Kate Saunders

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Kate Saunders
Born (1960-05-04) 4 May 1960 (age 60)
London
Notable worksFour Children on the Western Front

Kate Saunders (born 4 May 1960 in London) is an English writer, actress and journalist. She has won the Betty Trask Award and the Costa Children's Book Award and been twice shortlisted for the Carnegie Medal.

Biography[edit]

Kate Saunders is the daughter of the early public relations advocate Basil Saunders[1] and his journalist wife Betty (née Smith),[2] She has worked for newspapers and magazines in the UK, including The Sunday Times, Sunday Express, Daily Telegraph, She and Cosmopolitan.[3]

She has also been a regular contributor to radio and television, with appearances on the Radio 4 programmes Woman's Hour, Start the Week and Kaleidoscope.[4] She was, with Sandi Toksvig, a guest on the first episode of the long-running news quiz programme Have I Got News for You.[5] The BBC children's series Belfry Witches was based on her series of children's books about two mischief-making witches.

Saunders won the annual Costa Children's Book Award for Five Children on the Western Front (2014), a contribution to the classic fantasy series that E. Nesbit inaugurated in 1902 with Five Children and It.[6][7] She was also a contributor to the authorised Winnie-the-Pooh sequel, The Best Bear in All the World. Her children's novel The Land of Neverendings has been shortlisted for the 2019 Carnegie Medal,[8] as was Five Children on the Western Front in 2016.

She has written many novels, such as Wild Young Bohemians, and also co-wrote Catholics and Sex (1992) with Peter Stanford,[9] who was then editor of the Catholic Herald.[10][11] Saunders and Stanford later presented a television series based on the book on Channel 4.[12]

Saunders' acting work includes an appearance as a policewoman dated by Rodney Trotter in Only Fools and Horses episode in 1982.[13]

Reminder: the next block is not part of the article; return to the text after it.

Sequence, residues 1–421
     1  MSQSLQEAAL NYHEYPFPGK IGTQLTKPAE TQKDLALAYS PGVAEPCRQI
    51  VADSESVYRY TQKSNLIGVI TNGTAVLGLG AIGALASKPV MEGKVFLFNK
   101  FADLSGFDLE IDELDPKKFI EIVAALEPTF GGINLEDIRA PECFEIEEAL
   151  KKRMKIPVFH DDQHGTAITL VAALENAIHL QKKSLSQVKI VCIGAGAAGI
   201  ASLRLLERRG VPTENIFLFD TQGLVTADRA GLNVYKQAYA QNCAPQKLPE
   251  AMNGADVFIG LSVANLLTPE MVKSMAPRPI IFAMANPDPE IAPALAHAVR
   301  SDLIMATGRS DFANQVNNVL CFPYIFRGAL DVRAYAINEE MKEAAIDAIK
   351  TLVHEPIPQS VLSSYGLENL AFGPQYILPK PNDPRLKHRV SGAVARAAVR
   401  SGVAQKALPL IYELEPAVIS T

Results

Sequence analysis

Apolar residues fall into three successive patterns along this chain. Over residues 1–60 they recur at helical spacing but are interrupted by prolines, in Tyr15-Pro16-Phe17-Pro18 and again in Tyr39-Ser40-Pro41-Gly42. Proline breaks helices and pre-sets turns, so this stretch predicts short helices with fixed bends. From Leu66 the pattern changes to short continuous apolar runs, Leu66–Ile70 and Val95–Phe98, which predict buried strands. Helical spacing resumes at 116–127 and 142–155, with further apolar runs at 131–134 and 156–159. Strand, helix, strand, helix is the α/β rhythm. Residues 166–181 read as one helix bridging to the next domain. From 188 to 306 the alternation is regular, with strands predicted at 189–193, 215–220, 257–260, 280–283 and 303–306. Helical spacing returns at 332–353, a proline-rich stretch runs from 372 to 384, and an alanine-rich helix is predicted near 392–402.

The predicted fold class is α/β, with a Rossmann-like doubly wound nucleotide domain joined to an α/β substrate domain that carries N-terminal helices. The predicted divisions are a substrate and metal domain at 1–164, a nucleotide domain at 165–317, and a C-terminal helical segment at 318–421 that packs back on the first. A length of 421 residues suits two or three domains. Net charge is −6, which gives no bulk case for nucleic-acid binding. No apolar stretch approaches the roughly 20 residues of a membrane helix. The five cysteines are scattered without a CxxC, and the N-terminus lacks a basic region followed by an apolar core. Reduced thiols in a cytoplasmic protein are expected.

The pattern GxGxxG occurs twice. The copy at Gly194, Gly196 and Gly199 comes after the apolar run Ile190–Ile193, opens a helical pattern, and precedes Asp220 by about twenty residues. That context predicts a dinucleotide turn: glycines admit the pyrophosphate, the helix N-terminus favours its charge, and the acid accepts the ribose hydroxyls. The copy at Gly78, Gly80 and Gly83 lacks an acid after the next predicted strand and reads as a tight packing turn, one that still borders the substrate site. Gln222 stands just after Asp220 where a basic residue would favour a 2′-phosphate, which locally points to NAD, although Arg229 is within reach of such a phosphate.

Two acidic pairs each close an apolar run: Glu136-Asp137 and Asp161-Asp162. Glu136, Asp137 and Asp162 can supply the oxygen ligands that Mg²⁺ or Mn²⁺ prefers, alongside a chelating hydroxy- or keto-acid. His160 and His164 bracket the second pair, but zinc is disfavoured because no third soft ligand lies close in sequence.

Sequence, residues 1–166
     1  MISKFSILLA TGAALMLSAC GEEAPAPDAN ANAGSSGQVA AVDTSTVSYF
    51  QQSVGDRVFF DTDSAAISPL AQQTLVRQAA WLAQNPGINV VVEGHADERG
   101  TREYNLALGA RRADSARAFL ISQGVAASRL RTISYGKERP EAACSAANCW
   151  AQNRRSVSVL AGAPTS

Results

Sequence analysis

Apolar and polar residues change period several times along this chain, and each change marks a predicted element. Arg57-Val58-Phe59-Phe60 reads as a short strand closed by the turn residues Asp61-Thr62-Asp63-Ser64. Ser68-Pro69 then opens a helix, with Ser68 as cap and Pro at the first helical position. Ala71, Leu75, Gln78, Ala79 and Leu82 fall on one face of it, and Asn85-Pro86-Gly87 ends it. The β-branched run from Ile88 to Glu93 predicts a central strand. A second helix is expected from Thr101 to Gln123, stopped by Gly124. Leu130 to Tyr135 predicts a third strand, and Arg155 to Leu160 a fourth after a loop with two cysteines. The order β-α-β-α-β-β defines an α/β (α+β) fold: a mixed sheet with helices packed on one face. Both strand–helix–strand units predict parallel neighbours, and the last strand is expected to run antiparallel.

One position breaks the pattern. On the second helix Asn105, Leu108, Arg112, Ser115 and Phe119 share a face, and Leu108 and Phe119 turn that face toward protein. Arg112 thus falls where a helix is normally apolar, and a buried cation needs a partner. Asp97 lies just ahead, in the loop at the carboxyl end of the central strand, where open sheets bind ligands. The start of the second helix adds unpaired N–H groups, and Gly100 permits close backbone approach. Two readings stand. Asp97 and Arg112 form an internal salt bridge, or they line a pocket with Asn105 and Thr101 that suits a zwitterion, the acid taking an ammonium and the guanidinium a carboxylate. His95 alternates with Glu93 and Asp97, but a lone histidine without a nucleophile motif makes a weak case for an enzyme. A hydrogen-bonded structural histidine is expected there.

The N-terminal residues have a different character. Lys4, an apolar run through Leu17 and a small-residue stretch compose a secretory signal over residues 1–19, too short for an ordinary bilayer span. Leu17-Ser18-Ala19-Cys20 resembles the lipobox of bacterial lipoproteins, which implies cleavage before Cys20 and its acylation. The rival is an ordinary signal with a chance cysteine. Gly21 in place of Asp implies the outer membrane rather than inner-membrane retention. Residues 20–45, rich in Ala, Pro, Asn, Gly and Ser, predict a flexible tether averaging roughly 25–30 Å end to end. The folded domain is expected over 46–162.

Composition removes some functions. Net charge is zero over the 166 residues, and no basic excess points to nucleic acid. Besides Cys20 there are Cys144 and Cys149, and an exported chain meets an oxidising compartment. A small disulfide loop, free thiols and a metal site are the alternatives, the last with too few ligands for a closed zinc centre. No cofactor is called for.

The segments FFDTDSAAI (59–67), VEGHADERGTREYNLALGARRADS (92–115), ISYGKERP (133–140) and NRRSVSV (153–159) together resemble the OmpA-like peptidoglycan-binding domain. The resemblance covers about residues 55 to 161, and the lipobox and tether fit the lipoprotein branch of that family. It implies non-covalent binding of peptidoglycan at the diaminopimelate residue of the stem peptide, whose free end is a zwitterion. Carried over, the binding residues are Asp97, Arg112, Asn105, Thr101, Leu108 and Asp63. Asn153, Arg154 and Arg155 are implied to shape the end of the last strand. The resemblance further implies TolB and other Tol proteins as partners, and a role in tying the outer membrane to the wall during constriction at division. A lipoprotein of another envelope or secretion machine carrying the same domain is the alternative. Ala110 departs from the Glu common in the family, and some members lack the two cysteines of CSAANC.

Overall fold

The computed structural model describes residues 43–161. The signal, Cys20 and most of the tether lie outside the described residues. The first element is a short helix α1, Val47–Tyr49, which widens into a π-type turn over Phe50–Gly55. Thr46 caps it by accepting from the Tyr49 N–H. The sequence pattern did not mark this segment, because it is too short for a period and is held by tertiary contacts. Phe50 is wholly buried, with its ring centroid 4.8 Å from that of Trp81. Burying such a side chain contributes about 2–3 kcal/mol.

Selected books[edit]

Novels[edit]

  • The Prodigal Father (1986) - Won The Betty Trask Award in 1986
  • Storm in the Citadel (1989)
  • Night Shall Overtake Us (1993)
  • Wild Young Bohemians (1995)
  • Lily-Josephine (1998)
  • The Marrying Game (2002)
  • Bachelor Boys (2004)
  • Crooked Castle (2013)
  • Mariana (2013)
  • The Secrets of Wishtide (2016)

Children's books[edit]

  • A Spell of Witches (1999)
  • The Belfry Witches (omnibus) (2003)
  • Cat and the Stinkwater War (2003)
  • The Little Secret (2006)
  • Beswitched (2010)
  • Magicalamity (2011)
  • The Whizz Pop Chocolate Shop (2012)
  • The Curse of The Chocolate Phoenix (2013)
  • Five Children on the Western Front (2014)
  • The Land of Neverendings (2017)

References[edit]

  1. ^ Traverse-Healy, Tim (19 June 1998). "Obituary:Basil Saunders". The Independent.
  2. ^ Brown, Andrew (9 April 1997). "Obituary: Betty Saunders", The Independent.
  3. ^ Author Spotlight at Random House.
  4. ^ author profile at Random House
  5. ^ HIGNFY – episode 1/1 at Comedy.Co.UK
  6. ^ Vincent, Alice (5 January 2015). "Wartime adaptation of Five Children and It wins in Costa Book Award categories". The Daily Telegraph. Retrieved 2015-01-20.
  7. ^ Five Children Universe – Series Bibliography. ISFDB. Retrieved 2015-01-20. Select a title to see its linked publication history and general information. Select a particular edition (title) for more data at that level, such as a front cover image or linked contents.
  8. ^ "2019 Carnegie and Kate Greenaway medals shortlists announced". Books+Publishing. 20 March 2019. Retrieved 26 March 2019.
  9. ^ Stanford, Peter (1999). Cardinal Hume and the Changing Face of English Catholicism. A&C Black. 1999. Bibliographic data at Google Books.
  10. ^ Hebblethwaite, Peter (26 February 1993). "Lorenzo's sister edits Catholic paper". National Jewish Reporter. Archived from the original on 9 August 2013.
  11. ^ Saunders, Kate; Stanford, Peter (1992). Catholics and Sex: From Purity to Perdition. London: William Heinemann. ISBN 0-434-67246-7.
  12. ^ "Stanford, Peter". AP Watt. Archived from the original on 23 September 2006. Retrieved 27 November 2006.
  13. ^ Aled Jones with Good Morning Sunday. BBC. 6 December 2009.

External links[edit]